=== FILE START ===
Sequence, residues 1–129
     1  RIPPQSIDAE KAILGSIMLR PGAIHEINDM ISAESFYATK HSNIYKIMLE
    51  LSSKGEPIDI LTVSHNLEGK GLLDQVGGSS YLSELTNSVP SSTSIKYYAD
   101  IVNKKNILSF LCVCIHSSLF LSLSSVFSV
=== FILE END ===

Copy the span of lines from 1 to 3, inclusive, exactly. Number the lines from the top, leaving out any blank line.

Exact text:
Sequence, residues 1–129
     1  RIPPQSIDAE KAILGSIMLR PGAIHEINDM ISAESFYATK HSNIYKIMLE
    51  LSSKGEPIDI LTVSHNLEGK GLLDQVGGSS YLSELTNSVP SSTSIKYYAD